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I hope Eagle92 and ScoutFish are riding out the storm okay. They're catching the eye about now. You guys write in and let know when you have the chance.


The storm is down to a cat1 -- we get summer squalls that bad. The folks on the coast here know how to deal with that. But since this this has the potential to mess up Al Roker's hair :) I'm sure we will have to endure breathless network coverage for the next three days.

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I'm more inland than 'Fish, so I am catching TS winds and not hurricane winds. Still have power at the moment, but it is flickering on and off at times, but a lot of folks on the coast are out of power.


A few more hours of this for us ;)

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Update: lots of wind and rain. parts of my neck of the woods have lost power, but so far so good. But again I consider it a matter of time before losing it. Luckily only TS level winds.


On another note. There is damage at Pamlico Sea Base. Pier is gone, and one of the new cabins hit. Lots of trees down, but not a thorough review of cthe reservation at this time. Wondering how the other local camps are doing. I remember visiting Camp Charles after Floyd in 1999, and it was a mess.

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Just got back home about an hour ago. I stayed a few miles up the road since I live about 100 yards off the waterway on the mainland side of Surf City.


Still a bit gusty here and there, but it's not quite as strong as your average Nor'Easter.


After walking around my house and yard and surveying the damage...I have concluded it is nothing the 'ole Briggs and Stratton can't handle. Sm,all braches and twigs and sprigs of leaves. Not even a whole branch down in my yard.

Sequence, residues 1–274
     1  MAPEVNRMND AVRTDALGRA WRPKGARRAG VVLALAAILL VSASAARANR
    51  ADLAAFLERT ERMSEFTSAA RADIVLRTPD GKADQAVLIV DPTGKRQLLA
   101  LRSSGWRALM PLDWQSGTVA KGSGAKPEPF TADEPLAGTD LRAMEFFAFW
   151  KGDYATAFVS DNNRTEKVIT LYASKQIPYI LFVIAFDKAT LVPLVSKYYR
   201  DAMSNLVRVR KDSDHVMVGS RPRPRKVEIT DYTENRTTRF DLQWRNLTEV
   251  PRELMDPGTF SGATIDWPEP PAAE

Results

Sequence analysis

Driving the 3 miles home to my house, I noticed a few big pine treen branches down here or there and some ditches that were ready to flow over, but that's about it.


Nothing serious or severe. A summer of extreme dry conditions worked out well by sucking most of the water up as fast as it could fall.


WE came out with flying colors.


The convienence store my wife manages on the beach lost part of the canopy,




but considering it was a canopy, and one on the beach at that ( rust and corrosion) all I can say is this: If this is all we have to work on, we came out great!


Been through a many hurricanes in all the years I have lived here ( since 1977) , but this is the first hurricane that affected us that we were on the west side of. Usuall;y the totally miss us out to sea or we get a direct hit from the northeast quadrant.


Usually the back side is nothing , but Irene snorted and screamed for quite a while.


But at least for us, her bark was way worse than her bite.